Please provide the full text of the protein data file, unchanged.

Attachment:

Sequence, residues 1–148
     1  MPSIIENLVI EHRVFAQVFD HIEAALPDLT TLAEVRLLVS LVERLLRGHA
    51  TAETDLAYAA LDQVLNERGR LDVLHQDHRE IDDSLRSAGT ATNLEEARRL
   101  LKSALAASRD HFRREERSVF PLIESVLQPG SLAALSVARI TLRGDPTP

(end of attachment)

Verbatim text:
Sequence, residues 1–148
     1  MPSIIENLVI EHRVFAQVFD HIEAALPDLT TLAEVRLLVS LVERLLRGHA
    51  TAETDLAYAA LDQVLNERGR LDVLHQDHRE IDDSLRSAGT ATNLEEARRL
   101  LKSALAASRD HFRREERSVF PLIESVLQPG SLAALSVARI TLRGDPTP